These are two defining factors for the 1st jhana, vitakka, and vicara, directed and sustained thought. One is essentially, in my own experience, doing this as well when noting as I explained in the link you posted. The flow of mind or flow of thought is directed in one direction, towards whatever (WHATEVER!!!) phenomena is taking centre stage in the very moment from moment to moment. It is vipassana but it also develops , in my own experience, a malleable and pliant mind, which matures somewhat in the 11th nana/4th jhana territory (though one can really expand and make it even more malleable to fabricate at will what one wishes to). A kasina practice or anapana practice that accompanies the vipassana practice is honing that malleability and pliancy to even greater heights. It can only up the odds of quick advancement.

There is no 'real men' practice in my experience. Only practice that works for one's temperament or a practice that does not. Find out what works for you and take it as far as it can take you. If noting is not working for you, then dedicate practice to lifting one's pliancy and malleability of mind. Kasina worked best for myself. Find out what works best for you to. Pick an object and direct thought towards it until it is sustained thought. From there, the other factors of the 1st jhana will have fertile soil to arise, and then further jhanas as well. Insight within jhanas is ideal in my experience.

The more malleable and pliant the mind, the better the odds of discernment that leads to liberation from stress.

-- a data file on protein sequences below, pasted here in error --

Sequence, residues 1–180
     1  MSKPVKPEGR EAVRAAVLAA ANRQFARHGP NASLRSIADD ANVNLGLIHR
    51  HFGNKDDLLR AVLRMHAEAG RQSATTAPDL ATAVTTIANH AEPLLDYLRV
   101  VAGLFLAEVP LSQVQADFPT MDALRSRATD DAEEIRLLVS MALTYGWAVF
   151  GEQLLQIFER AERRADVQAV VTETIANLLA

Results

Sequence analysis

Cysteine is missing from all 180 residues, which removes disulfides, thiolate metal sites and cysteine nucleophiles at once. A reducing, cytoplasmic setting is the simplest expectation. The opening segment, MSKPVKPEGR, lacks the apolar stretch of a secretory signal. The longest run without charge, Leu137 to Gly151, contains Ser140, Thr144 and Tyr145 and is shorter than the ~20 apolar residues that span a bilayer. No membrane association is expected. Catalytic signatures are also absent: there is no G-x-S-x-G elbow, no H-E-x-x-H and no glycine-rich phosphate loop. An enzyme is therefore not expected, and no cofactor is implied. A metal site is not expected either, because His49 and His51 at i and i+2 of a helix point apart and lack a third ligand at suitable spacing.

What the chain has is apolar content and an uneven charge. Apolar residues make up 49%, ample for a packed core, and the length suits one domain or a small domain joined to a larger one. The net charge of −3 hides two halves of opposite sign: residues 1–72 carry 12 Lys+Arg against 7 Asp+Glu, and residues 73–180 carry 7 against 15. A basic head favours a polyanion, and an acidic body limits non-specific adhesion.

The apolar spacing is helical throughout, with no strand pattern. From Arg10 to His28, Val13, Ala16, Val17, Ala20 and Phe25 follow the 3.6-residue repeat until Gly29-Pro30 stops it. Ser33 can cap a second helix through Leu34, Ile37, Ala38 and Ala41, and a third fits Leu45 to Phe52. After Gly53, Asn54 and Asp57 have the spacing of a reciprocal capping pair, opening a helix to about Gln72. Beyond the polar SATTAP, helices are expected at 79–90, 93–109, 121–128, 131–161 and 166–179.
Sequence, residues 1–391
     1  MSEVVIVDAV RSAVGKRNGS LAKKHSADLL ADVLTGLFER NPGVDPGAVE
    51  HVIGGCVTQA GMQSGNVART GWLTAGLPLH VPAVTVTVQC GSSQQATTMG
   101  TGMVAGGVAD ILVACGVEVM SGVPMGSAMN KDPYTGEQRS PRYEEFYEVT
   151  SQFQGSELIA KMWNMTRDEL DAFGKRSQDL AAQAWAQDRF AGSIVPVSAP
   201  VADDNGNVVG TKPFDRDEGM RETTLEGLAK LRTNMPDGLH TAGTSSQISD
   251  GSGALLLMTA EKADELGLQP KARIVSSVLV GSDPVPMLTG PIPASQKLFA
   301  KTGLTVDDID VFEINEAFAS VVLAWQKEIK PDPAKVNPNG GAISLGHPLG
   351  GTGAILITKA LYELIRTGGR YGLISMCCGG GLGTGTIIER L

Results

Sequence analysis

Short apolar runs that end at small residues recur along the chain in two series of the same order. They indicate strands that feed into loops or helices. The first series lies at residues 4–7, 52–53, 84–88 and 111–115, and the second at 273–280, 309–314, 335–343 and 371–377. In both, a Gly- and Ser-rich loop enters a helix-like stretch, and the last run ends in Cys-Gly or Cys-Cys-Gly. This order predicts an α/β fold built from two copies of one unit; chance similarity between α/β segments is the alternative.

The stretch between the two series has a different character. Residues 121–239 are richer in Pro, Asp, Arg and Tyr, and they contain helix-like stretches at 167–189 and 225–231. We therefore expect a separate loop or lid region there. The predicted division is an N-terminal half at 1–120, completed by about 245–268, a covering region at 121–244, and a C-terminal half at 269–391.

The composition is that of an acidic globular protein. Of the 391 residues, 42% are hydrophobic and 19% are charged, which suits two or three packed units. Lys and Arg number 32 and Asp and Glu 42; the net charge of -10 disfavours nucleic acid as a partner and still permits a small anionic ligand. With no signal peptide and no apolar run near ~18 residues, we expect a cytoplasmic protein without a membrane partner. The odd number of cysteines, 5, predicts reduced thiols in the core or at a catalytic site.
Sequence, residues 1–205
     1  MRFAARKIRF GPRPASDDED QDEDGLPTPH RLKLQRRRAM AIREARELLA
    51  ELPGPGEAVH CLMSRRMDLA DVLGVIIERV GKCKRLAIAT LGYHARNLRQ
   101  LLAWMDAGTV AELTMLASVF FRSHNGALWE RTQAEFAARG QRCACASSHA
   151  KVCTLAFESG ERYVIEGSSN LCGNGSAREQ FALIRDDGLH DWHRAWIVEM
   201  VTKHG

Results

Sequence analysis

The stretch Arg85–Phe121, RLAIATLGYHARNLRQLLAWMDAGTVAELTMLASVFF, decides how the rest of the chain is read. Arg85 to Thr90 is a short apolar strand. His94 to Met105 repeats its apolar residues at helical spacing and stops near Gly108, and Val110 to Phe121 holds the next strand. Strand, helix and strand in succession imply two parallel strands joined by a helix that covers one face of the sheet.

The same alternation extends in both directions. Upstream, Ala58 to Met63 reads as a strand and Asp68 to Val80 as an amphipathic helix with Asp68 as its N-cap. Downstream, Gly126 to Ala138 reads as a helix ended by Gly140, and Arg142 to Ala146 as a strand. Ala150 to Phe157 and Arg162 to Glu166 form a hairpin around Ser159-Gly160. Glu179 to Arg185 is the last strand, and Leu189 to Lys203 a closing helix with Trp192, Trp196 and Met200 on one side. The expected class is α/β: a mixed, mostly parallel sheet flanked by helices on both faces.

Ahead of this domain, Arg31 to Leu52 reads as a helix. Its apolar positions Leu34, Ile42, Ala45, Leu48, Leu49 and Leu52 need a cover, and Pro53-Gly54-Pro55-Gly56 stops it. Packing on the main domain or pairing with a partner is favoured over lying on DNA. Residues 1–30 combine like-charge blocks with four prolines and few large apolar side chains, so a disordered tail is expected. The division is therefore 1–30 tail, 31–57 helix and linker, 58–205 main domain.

My 2cents

RE: Do Real Men do only Vipassana?
Answer
11/9/12 4:26 AM as a reply to Robert McLune.
Robert McLune:
Despite reading a lot of stuff, and working on noting practice, I still can't get clear on the question as to when/if one should do samatha versus vipassana. And let's assume for simplicity that the ultimate aim is insight.

I doubt I'm the only one to pick up on this, although I'm happy to believe that what I'm picking up is not being laid down intentionally, but there definitely seems to be a vibe (everywhere -- not just DhO) that if you want to attain insight, you should just get on with it -- note, bare insight, whatever. There's just this subtle hint that sure you can do samatha if you really need to, and sure it will help you, but it's kinda for girls and wimps. A "Real Men do only Vipassana" kind of thing. Samatha is training wheels. Vipassana (cue Tim Allen "Arr arr Arr!!") is the Tour De France.